...when we as a culture feared the Great Guitar-Playing Prehistoric Space Hippie/Beatnik-Hybrid Menace?

The Great Gazoo #17 (July 1976)

Tuesday, August 31, 2004

There's nothing quite like pestering clerks at local video stores and explaining to them that you're looking for
a DVD of Swamp Thing cartoons. Yes, they all looked at me like I was a crazy person. And no, I didn't have any luck, so I had to order it online.

Anyway, it's out today, so if you want to see how not to make a Swamp Thing cartoon, this DVD has five 20-minute lessons on that very subject.

Johanna is running
a swell contest where you, yes, you, Sir and/or Ma'am, can win yourself some free copies of Peter David's equally-swell-though-underappreciated series Fallen Angel.

What the heck, it's free, and you might get some good readin' out of it.

Monday, August 30, 2004

"Holy Download, Batman!" 

If you're a member of Emusic, and you're a fan of the all-time greatest live-action version of Batman, you can download an album's worth of Neil Hefti's music from the series.

"I will pick up your dirty bird!" 

1. Finally, after months (well, days) of me badgering him, pal Dorian has posted photographic proof of the Baby Huey movie.

2. All I have to say about the most recent episode of Justice League Unlimited - God bless you, Paul Dini, for giving us an animated version of B'wana Beast. I even got a kick out of his "surfer" accent (and somewhere, The World's Biggest B'wana Beast Fan is writing a letter of protest). The episode as a whole was a lot of fun, and very much played for laughs...that was original Not Ready for Prime Time Player Laraine Newman as Medusa! Also, they're still playing with the romantic connection between Batman and Wonder Woman...when did this whole Batman/WW romance Zeitgeist start going around? It's been popping up in the comics over the last couple of years, now it's in the cartoons...somehow, this is all Grant Morrison's fault, I'm sure.

3. That panel to the right is from the infamous Iron Man #157, as described in detail over on the Comic Treadmill. And yes, having now perused said funnybook, it's as incredibly average as H says. Really, the most you can say about it is that yes, it fills 20 (or however many) pages, thus allowing Marvel to publish an Iron Man comic that month.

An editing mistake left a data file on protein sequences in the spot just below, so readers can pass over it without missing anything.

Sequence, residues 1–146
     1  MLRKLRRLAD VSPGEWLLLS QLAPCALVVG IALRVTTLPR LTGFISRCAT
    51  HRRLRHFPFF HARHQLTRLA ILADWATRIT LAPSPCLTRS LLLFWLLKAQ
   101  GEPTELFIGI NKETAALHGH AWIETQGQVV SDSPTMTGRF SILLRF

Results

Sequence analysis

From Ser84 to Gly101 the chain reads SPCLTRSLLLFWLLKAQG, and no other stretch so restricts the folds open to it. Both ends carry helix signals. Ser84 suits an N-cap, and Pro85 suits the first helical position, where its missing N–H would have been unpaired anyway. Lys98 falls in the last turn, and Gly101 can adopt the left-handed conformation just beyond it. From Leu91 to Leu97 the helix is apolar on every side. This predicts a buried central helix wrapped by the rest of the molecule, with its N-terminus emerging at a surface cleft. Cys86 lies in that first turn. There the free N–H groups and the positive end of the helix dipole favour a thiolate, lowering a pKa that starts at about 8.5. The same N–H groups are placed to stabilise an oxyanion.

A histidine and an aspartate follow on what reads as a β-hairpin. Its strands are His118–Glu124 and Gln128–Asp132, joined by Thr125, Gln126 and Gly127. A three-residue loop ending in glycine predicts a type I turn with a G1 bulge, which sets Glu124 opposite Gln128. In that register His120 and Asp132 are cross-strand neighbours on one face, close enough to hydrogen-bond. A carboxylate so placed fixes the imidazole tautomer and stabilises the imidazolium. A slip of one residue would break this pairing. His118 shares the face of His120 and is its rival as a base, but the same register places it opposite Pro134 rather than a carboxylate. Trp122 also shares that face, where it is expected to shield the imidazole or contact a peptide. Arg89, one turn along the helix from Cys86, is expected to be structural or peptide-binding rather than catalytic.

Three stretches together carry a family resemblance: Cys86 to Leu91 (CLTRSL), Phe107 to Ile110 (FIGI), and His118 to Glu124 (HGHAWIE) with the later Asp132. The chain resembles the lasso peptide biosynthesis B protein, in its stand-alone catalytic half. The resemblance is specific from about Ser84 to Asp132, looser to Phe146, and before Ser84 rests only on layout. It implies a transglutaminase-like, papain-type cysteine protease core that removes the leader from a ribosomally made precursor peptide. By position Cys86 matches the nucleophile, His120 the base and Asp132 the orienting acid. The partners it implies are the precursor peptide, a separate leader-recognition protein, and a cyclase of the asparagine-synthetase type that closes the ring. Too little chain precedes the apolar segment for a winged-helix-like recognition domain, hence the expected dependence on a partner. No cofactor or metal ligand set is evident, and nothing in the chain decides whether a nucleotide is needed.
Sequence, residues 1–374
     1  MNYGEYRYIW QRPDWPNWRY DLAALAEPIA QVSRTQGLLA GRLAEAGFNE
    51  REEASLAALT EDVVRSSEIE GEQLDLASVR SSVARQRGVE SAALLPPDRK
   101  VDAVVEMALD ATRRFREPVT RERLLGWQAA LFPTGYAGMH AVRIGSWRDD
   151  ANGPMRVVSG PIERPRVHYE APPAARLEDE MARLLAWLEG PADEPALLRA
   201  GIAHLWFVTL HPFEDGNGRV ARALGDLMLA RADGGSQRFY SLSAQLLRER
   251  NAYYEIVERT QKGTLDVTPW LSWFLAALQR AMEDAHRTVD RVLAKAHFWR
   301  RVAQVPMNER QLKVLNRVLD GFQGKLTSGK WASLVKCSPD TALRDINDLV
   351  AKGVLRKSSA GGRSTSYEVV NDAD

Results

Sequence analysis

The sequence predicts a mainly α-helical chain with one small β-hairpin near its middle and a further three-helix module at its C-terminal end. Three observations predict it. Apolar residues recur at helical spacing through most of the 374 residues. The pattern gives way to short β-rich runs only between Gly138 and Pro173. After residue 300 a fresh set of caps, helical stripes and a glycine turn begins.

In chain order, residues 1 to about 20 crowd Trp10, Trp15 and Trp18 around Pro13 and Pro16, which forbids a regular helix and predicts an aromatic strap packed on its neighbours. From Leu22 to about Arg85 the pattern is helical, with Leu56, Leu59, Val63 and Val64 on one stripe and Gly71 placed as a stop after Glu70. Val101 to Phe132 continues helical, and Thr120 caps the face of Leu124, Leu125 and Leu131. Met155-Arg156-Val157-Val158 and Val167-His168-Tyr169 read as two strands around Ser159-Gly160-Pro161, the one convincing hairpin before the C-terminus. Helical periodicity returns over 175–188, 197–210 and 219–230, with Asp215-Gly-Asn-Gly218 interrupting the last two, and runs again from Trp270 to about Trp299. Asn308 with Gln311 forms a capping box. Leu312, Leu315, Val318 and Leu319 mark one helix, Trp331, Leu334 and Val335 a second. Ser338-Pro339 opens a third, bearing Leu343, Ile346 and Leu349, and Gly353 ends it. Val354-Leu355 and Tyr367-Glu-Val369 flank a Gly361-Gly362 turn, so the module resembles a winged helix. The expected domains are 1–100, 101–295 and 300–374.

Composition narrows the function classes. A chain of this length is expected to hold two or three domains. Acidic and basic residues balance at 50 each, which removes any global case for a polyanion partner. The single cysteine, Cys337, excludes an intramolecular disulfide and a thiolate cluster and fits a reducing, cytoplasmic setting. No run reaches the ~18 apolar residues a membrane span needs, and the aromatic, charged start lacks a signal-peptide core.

3a. And yes, H and Mag, I do indeed have more copies of this comic available.

3b. Speaking of the Treadmill, did you see this panel Mag posted? If you like out-of-context comic panels, like I know I do, then you really need to check it out.

4. For those of you who had a hard time believing that people treat our store like a day-care center like Dorian said, let me relate a story from Sunday: so I was working at the back counter, putting together some reorders, when I spotted a couple of little girls (about 3 and 4, maybe) wandering around unattended. They were running (which I had to put a stop to before they fell and got hurt), they were spinning one of the comic racks around as fast as they could (I had to put a stop to that too, being the mean old man that I am), they were coming to the counter I was working at and grabbing papers, tape dispensers, what have you, off that counter, and just generally getting underfoot (particularly in employees-only areas). No parents in sight, mind you. After a few minutes of trying to be patient with them, I finally had to draw the line when the older girl grabbed one of my pencils and attempted to write on some of the comic boxes.

Well, that was enough. I finally tracked down their parents, who up to this point had made no attempt to keep tabs on their kids, on the other side of the store (we have a fairly sizable shop) and informed them that they'll have to supervise their children. The mom's response? "But I've been supervising them all day." Yes, I swear to you, she actually said that. I'm sorry if asking you to do your job as a parent is an inconvenience, but unless you're going to pay me some babysitting money, I'm not going to take care of your children for you.

5. And here's something incredibly immature of me to post, but you know kids were giggling over these panels 35 years ago:

from Huckleberry Hound #38 (July 1969)

Sunday, August 29, 2004

No time for love, Dr. Jones. 

Alas, the real world encroaches on my weblogging time today, so all I'll probably be able to post for you is another comic cover:

A1 #94 (1953)

That comic is wall-to-wall Frank Frazetta, mister. Well, except for the cover, which is Bob Powell, according to Overstreet.